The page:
We don’t have an antiwar movement in America; what we have is two pro-conflict movements: one that insists Israel must win and one that insists Palestine must win.
A fine wine. Not a found one :(
You are like a find wine. Always good. Richer with age. (Though to me u will always be 35).
When I am jumping out of my skin with grief and anxiety, your considered, careful, stable analysis gives me an anchor of understanding.
It’s a very interesting discourse and probably the only worthwhile one, the polarizing is a dead end. I might suggest that yes it was a justifiable attack on October 7th, call it terrorism if you must but acknowledge it’s Jewish Revolt 65ad Antecedent, Boudicca, Crazy Horse, the Macabees etc etc ad infinitum. And the response also justified, possibly uniquely justified, given the history of Christian anti semitism and the holocaust. It is the vampiric West that is so disturbing and polarizing, with their tradition of Colonial genocides that never had an ounce of the cumulative justification of Israel in Gaza.
Had, for instance, (a Supremacist impossibility,) the West, collectively moved after Balfour that the Jewish people do what large numbers moving into new lands should do: negotiate, make deals and treaties, create platforms to address issues in the future, that would have been a thing. They did not. They took the polarized position, invented their moral proxy and armed them. It is a Western Christian tradition not only to conquer but to stay. To “settle.” Our justification has always been the claim of moral superiority ever attached to a hidden racism.
I agree with your point only it isn’t a simple choice. One is a grown up position, the other, the polarized, is of a culture of children. We could all grow up here but don’t dally waiting for the West to initiate something so alien to their adolescence.
It’s been two thousand years of the rocking cradle vexing to nightmare. Islam and Judaism will have to do it themselves. And they can.
Great piece on peace! Nuance is what is missing from the discussion. Part of that stems from a fundamental principal of human cognition: we are always looking for ways to simplify in order to understand our world. It’s a lot harder to hold multiple thoughts in your head at the same time.
Getting out of this mess comes down to another reality: people need to feel like they are being heard before they can hear someone else’s perspective. (The book Difficult Conversations: How to Talk About What Matters Most offers a great roadmap for this.) Sadly, as you eloquently point out, that is not happening (yet-I use that word with a note of optimism although the pessimist in me is winning the day for now). Thanks for your continued and nuanced coverage.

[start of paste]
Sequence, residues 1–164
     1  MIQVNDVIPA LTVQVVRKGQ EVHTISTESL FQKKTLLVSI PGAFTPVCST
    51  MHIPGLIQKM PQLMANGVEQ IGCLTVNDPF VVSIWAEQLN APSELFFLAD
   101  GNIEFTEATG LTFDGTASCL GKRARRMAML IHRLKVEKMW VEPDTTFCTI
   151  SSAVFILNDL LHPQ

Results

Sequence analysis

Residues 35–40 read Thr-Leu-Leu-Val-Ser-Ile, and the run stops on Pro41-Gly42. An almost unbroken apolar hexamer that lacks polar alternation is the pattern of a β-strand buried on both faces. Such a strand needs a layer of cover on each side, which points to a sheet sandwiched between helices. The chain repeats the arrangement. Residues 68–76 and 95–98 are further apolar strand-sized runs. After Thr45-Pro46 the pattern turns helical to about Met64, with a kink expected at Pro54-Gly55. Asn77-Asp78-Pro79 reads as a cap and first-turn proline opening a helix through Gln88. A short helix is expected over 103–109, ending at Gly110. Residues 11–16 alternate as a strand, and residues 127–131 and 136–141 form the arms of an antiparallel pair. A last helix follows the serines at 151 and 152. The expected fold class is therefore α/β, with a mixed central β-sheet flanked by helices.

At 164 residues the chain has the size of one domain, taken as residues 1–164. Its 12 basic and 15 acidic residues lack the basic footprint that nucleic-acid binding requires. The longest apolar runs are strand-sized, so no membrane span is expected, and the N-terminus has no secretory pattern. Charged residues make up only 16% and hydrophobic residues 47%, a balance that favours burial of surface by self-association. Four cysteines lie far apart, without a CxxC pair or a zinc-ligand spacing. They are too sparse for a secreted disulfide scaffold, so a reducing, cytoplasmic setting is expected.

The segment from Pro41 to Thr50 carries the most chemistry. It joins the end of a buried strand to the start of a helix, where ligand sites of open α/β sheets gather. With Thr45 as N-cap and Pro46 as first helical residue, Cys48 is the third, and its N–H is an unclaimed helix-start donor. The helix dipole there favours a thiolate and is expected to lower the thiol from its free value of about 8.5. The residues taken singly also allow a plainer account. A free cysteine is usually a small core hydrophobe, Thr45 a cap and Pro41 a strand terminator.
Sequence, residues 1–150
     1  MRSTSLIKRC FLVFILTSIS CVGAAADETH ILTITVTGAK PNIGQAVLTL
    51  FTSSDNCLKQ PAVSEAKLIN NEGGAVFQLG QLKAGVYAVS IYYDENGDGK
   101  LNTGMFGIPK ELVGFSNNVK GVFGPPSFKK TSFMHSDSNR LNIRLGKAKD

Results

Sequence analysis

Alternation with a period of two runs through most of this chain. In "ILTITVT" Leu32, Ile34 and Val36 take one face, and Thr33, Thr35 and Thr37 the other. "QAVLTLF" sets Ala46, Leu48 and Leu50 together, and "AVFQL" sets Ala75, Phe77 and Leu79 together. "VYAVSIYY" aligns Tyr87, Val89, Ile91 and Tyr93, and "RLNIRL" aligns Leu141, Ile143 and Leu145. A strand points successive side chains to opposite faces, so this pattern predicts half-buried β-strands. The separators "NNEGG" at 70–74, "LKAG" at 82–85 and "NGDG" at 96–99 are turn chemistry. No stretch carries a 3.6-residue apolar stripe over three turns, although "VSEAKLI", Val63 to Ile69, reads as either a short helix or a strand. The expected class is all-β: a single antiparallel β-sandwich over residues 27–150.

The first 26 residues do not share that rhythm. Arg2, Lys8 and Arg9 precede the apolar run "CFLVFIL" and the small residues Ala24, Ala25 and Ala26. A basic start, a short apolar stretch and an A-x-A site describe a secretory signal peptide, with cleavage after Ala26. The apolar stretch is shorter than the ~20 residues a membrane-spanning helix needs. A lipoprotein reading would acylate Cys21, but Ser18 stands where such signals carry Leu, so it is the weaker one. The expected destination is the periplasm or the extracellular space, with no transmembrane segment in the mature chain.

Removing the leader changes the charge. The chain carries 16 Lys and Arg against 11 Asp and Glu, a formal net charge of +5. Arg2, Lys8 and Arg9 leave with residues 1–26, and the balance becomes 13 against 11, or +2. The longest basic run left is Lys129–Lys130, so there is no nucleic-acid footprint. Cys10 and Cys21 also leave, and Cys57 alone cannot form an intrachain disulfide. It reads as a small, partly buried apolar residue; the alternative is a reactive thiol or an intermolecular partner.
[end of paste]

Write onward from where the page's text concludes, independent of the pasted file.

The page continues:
Very astute and informative, Micah. I’m thinking back to the Vietnam era, when so many saw ourselves as part of the peace movement, the antiwar movement. I was a draft counselor and organizer, an enterprise shaped by Friends to a large extent, with a similar philosophy to Win Without War. But the power behind it was the fact that the US waged war and every young man was compelled to take a stand for or against, with the personal stakes high in both cases. There were as many “US out of Vietnam” slogans as “Ho, ho, Ho Chi Minh, NLF is gonna win.”
It seems to me that the distance between this war and most people’s personal lives makes a lot of room for extremist propaganda to take the place of compassion. I’m not seeing a prior instance without US troops involved that birthed a major peace movement, but perhaps there’s a blind spot in my reading of history. Can you think of one?
Excellent piece!! Thank you for your hard work in putting this together. Now let's do it!
I've helped organize a few protests over the past 50 years, and it's inherently way easier to organize a protest against something than for it. That's why we're seeing protests AGAINST both Hamas murder and Israeli murder. Theoretically there could be protests FOR peace and co-existence, but folks advocating such urgent concepts have no simple roadmap to get from here to there - at least no roadmap with support beyond peace activists who live on the front line.